One of the infamous tours that you can take part in Maastricht is the Maastricht Underground tours. Maastricht Underground features a network of tunnels and caves that have witnessed the Netherlands’ changing political and social-scape for centuries. It has served as a shelter for those hiding from the war and a base for soldiers. Some of the caves and tunnels go as deep as 30 meters below ground. There are three (3) main caves included in the Maastricht Underground Tour, and these include:

  • The North Caves below St. Pietersberg Hill
  • The Zonneberg Caves
  • Fort St. Pieter

Driving Directions

There are multiple entrances to the Maastricht underground tunnels. You can choose from the three (3) main caves mentioned above. Nevertheless, all of these entrances are located within the Limburg Region. Maastricht is about 215.9km from Amsterdam. It will take you about 2 hours and 21 minutes to get to the city via A2. This is the fastest route:

  1. Drive south via s110 towards A2 in Amsterdam-Oost.
  2. Continue to drive along A2 until you get to Viaductweg.
  3. Viaductweg is already within the Maastricht jurisdiction

Things To Do

Tours of the tunnels and caves are guided. You cannot go into the underground without a trained tour guide because there is hardly any signal, and light is basically non-existent (except for a few artificial bulbs). The availability of tours may change every day, so you are encouraged to check exploremaastricht.nl before going to the area.

If you’re a history buff, you wouldn’t want to slash out Maastricht from your itinerary. Here are other sites and features that you can visit in Maastricht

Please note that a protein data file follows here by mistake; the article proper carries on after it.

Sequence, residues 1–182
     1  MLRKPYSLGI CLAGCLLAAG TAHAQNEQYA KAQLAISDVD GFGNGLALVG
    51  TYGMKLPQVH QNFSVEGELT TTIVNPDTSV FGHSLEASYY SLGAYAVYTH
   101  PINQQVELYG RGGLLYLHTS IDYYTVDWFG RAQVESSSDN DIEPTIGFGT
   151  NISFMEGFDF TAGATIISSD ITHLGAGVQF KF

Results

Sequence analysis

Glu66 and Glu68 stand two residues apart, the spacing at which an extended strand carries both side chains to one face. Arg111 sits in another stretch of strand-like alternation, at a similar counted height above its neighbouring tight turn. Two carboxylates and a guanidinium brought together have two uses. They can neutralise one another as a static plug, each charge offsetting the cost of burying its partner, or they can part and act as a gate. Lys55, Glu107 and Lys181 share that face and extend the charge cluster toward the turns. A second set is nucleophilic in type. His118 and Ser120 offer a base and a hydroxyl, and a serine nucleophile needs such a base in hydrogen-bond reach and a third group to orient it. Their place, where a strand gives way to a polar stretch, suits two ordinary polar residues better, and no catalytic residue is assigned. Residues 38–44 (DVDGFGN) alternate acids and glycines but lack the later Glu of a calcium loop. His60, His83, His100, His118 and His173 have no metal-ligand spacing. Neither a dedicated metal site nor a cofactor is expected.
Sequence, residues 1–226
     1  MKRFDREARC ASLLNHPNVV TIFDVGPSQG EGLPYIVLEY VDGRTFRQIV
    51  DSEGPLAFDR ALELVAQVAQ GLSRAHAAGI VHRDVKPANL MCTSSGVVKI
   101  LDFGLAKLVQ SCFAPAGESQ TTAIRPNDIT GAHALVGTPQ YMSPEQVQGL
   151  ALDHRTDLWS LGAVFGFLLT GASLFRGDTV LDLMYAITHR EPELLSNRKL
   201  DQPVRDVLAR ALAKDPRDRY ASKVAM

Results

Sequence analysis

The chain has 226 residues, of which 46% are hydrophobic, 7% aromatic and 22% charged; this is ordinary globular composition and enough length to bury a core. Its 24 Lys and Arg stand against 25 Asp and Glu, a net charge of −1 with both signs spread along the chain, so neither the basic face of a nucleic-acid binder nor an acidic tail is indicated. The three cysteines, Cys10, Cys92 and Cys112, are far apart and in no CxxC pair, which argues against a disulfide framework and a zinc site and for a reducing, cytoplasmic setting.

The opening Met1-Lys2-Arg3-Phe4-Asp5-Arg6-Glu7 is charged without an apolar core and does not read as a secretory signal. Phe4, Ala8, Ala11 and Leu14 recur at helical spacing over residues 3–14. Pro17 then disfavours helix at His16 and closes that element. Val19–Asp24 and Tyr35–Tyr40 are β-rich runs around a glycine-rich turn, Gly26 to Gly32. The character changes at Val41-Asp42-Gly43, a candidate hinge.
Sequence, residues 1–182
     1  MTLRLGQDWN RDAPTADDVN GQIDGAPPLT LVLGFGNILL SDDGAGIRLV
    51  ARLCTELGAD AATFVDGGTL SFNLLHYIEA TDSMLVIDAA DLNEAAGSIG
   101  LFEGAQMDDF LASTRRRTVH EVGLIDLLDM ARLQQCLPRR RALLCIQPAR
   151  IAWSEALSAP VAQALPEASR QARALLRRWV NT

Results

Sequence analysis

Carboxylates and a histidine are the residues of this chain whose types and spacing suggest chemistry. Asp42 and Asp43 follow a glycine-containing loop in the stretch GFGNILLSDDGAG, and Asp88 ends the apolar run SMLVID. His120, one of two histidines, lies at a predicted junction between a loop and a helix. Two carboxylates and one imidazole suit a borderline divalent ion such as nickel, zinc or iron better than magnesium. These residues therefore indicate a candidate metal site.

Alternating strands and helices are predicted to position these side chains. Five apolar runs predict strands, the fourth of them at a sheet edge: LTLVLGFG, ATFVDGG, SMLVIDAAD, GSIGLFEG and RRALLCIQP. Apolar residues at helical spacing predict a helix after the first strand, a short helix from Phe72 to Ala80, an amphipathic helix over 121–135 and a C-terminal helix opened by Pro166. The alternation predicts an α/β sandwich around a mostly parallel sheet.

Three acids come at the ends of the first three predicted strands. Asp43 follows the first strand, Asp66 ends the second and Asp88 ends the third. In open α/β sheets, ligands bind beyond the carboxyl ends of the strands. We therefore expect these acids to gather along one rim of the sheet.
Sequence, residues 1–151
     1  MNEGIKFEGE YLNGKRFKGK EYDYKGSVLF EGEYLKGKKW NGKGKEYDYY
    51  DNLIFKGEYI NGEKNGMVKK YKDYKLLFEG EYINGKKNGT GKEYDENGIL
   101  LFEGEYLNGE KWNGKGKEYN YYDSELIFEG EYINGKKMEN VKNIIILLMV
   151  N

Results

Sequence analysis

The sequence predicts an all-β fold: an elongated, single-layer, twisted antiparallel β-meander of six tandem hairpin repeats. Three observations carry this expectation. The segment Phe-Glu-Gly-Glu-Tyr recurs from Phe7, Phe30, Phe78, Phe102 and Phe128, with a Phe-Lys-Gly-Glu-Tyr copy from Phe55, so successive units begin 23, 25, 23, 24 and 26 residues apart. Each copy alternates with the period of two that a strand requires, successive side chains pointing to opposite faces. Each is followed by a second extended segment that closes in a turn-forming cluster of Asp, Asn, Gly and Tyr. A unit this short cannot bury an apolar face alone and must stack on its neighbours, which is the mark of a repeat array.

1. A 1,700-year-old Roman Square

If you’ll stay or dine at the Derlon Hotel, you’ll get fantastic views of this ancient roman square. The Vrijthof has already been developed into an urban square. However, it still has plenty of archaeological and architectural remnants from more than a thousand years back.

2. Visit the Tomb of Saint Servatius

Saint Servatius was an Armenian missionary who died in Maastricht in the year 384. His remains are buried in the Basilica of Saint Servatius, along with other important relics during his time. The basilica also features a museum where pilgrims can learn about the history of Maastricht during the 6th century. Apart from the Basilica of Saint Servatius, you can also visit the Basilica of Onze Lieve Vrouwebasiliek, also a 1000-year-old church.

3. Explore local restaurants, bars, and cafés

Of course, local concept restaurants, bars, and coffee shops are also found throughout the city. It is even hailed as the city with the most number of bars and cafés in the country! These shops are also something that you don’t want to miss when traveling to Maastricht.

For more “driving in the Netherlands tips and tricks,” driving laws, and tourist hotspots, and getting an International Driving License in Netherlands, feel free to contact and speak to our representative.

Get your International Driving Permit in 2 hours

Instant approval

Valid for 1-3 years

Worldwide express shipping